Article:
As mentioned, CO2 can be used as raw material for the synthesis of sev­eral chemicals [99]. Moreover, if CO2 is concentrated or separated by a membrane system exhibiting high CO2 permeation and permselectivity, this open up the possibility to develop a continuous process of membrane reaction to simultaneously capture and chemically convert CO2. For exam­ple, if the membrane is able to separate CO2 at intermediate and even high temperatures, it can be used for the design of a membrane reactor for the production and purification of hydrogen and syngas. Syngas is a gaseous fuel with a main chemical composition of CO, H2, CO2, and CH4. Syngas can be used as feedstock for the synthesis of several other clean fuels such as H2, methanol, ethanol, diesel and other hydrocarbons synthesized via the Fischer-Tropsch process [100-104].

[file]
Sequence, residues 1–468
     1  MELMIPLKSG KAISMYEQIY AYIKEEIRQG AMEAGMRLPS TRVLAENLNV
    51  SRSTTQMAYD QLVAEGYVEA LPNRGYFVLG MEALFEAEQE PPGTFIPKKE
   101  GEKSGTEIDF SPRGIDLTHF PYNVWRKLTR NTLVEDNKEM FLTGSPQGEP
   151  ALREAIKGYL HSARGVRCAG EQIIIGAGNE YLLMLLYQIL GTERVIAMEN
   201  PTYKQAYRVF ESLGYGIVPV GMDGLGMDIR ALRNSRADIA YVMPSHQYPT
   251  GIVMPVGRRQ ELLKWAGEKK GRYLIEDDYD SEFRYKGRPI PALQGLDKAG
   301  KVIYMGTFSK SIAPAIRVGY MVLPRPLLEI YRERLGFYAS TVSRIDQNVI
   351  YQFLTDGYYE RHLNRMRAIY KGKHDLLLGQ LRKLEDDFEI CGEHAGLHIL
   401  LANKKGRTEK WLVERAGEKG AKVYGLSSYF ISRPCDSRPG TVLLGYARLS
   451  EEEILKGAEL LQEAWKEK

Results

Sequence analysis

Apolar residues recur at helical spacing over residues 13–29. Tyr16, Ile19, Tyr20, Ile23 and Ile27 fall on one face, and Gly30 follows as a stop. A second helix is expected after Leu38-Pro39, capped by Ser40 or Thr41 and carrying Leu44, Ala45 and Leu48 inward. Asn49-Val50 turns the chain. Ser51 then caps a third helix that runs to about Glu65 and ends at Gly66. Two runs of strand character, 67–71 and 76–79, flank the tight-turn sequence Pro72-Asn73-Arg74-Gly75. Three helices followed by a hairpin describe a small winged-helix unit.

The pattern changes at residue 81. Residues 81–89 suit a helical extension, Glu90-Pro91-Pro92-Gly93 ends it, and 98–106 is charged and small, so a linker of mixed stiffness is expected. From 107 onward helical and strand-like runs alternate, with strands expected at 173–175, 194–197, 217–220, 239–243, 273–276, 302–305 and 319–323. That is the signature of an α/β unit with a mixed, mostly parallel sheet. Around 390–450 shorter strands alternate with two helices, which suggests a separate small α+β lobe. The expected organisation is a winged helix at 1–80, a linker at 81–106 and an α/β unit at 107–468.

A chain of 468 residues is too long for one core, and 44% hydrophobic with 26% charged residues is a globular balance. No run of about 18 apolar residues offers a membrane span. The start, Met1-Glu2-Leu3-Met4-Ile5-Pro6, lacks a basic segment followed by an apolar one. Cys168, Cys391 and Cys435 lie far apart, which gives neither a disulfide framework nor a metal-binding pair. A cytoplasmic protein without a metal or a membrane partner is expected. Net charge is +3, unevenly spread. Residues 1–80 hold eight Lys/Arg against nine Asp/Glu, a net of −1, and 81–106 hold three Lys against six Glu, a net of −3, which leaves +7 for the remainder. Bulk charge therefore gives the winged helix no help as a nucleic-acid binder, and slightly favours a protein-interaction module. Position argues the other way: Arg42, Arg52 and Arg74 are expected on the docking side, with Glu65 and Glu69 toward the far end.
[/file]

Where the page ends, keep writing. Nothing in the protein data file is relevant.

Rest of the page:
Among the different processes for the synthesis of syngas and hydro­gen, CO2 methane reforming Eq. (11) and the water-gas shift reaction (WGS) Eq. (12) are the most promising options.

CH4 + CO2 ~ 2CO + 2H2 (11)

CO + H2O ~ CO2 + H2 (12)

Figure 6 schematizes the membrane reactor concept considering the two reactions described above. Figure 6A shows a membrane reactor for dry reforming of methane to produce syngas at temperatures between 700 and 800 °C. Figure 6B illustrates the use of ceramic oxide membranes for hydrogen purification by separating the CO2 from water-gas shift products at about 550 °C. Additionally, Figure 6B shows the possibility of using a ceramic sorbent to chemically trap the permeate CO2 and therefore en­hance the CO2 permeation process by reducing the concentration of CO2 in the permeate side.